My go-to program for digital photo processing is Adobe Lightroom. I have been using Lightroom since its inception in 2006, when the first preview (Beta) version was released. During the initial Beta stage I wasn’t sure that I really needed Lightroom. It seem pretty neat, but I was a longtime Photoshop user, and it allowed me to do pretty fair job of photo editing. Lightroom was finally released in February 2007, and initially I did not plan to buy it. But when an updated version of Photoshop was released in the spring, I purchased Lightroom as part of an upgrade package — and I have never looked back. Lightroom is an amazing program for processing digital photos, and each version has been better than the last. The current release is version 3, and I used it yesterday to edit the sunset photo of the bus camper. Most often, after editing in Lightroom, I open images in Photoshop for finishing tweaks, but I didn’t bother with the sunset camper photo. If I had, I would have toned down the purple color, and maybe lightened the foreground a bit.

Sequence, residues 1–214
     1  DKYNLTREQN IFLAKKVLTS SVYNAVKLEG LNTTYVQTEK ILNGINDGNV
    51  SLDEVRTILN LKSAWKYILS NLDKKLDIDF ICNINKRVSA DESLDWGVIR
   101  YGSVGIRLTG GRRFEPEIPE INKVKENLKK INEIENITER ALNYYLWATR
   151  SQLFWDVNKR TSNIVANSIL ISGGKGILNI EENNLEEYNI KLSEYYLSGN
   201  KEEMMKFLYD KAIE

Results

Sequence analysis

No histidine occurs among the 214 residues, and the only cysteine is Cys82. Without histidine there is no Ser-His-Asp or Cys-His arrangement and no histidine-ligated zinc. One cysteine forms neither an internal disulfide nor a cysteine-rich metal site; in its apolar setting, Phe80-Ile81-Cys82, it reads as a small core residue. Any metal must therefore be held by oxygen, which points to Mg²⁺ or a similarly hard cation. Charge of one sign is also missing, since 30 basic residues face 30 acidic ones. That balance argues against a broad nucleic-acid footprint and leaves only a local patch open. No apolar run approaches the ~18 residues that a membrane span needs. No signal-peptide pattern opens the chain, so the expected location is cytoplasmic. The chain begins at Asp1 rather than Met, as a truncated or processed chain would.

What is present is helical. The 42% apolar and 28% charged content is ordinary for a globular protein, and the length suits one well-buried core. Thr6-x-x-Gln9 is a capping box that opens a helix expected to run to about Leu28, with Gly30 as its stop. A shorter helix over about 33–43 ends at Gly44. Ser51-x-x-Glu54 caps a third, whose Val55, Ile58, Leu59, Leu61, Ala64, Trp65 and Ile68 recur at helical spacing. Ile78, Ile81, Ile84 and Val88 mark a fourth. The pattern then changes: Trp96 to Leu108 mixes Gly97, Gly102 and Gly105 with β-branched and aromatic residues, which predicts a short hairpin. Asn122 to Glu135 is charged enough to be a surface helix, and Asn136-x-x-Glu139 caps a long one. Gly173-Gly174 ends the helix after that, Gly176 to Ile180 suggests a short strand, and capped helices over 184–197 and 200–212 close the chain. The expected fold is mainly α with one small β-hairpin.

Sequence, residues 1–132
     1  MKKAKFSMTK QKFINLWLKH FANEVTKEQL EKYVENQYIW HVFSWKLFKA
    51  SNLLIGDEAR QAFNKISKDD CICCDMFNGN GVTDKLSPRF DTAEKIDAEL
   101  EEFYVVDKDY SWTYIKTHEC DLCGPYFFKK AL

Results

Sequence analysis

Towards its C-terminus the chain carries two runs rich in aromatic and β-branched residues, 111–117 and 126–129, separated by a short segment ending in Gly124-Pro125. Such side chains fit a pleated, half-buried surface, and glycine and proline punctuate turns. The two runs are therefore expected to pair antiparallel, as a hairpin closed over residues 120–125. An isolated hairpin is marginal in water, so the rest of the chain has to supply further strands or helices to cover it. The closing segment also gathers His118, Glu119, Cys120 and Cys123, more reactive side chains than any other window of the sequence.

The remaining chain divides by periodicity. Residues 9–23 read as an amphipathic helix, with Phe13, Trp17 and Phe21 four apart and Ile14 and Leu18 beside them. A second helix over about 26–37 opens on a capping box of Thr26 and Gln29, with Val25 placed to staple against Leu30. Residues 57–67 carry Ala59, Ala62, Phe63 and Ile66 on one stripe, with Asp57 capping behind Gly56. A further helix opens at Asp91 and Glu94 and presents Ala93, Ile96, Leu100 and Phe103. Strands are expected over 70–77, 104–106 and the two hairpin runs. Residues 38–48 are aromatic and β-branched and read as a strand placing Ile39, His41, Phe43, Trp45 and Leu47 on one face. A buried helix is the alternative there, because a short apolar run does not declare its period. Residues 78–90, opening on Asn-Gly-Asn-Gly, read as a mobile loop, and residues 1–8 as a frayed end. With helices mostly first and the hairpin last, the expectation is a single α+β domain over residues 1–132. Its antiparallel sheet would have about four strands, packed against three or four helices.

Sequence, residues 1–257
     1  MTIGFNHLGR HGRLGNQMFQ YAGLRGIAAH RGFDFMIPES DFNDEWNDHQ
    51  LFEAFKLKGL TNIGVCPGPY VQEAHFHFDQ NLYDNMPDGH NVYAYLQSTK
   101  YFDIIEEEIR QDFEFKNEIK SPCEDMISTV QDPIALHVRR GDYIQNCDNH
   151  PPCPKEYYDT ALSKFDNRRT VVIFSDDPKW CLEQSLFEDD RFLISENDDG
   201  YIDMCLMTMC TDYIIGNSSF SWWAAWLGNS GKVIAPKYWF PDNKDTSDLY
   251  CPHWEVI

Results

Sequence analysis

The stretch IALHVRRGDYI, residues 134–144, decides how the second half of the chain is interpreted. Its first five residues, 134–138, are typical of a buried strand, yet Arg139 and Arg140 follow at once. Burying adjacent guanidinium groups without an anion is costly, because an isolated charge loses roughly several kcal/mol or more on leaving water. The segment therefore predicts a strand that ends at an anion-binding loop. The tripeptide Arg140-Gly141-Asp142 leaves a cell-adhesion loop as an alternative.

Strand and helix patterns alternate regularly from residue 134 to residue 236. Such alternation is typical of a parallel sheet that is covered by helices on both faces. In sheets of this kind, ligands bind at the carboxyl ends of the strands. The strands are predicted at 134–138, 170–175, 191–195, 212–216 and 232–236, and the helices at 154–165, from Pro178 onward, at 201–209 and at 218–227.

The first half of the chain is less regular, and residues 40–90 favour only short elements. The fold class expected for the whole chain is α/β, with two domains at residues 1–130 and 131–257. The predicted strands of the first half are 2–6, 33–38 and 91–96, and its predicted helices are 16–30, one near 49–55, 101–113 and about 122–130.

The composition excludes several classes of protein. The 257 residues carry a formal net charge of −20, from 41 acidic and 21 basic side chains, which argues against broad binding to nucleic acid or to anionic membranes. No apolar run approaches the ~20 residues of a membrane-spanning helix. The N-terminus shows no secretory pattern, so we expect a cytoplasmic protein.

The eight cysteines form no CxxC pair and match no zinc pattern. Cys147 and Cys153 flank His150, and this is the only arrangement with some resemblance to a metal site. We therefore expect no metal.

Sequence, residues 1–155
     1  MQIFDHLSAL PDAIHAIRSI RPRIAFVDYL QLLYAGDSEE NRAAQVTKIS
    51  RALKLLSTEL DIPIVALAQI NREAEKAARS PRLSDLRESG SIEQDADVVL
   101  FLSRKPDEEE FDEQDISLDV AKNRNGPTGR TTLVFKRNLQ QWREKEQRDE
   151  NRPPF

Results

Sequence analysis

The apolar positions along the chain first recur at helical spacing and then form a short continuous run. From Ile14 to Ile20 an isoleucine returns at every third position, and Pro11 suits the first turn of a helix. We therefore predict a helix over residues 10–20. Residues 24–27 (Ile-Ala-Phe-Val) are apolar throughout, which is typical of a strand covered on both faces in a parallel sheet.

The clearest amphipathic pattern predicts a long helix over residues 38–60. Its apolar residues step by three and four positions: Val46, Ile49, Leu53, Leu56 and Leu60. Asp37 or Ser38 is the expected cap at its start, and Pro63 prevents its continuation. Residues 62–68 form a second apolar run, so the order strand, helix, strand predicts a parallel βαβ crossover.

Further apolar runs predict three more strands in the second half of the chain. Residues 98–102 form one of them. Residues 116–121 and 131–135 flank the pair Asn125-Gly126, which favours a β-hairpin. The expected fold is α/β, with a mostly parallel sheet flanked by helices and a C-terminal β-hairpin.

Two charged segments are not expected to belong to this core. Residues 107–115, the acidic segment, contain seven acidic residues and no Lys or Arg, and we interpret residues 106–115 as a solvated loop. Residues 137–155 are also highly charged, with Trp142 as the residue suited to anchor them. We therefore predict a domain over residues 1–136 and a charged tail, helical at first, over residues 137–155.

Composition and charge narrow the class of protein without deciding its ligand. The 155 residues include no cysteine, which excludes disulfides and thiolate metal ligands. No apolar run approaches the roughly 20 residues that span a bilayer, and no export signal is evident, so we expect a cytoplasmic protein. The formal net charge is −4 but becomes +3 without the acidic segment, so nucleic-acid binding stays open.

Two weeks ago Adobe released Lightroom 4 Beta, which I immediately downloaded. But, since we were visiting family and then traveling, I haven’t had time to try it out. Today I had some time to watch an online video about the new features in Lightroom 4, and learned that this version has been designed to eliminate the need to take the majority of photos into Photoshop (there is still a place for Photoshop for heavy duty editing). After learning a little bit about the new features, I processed the same photo as yesterday in Lightroom 4. I think the results are pretty telling.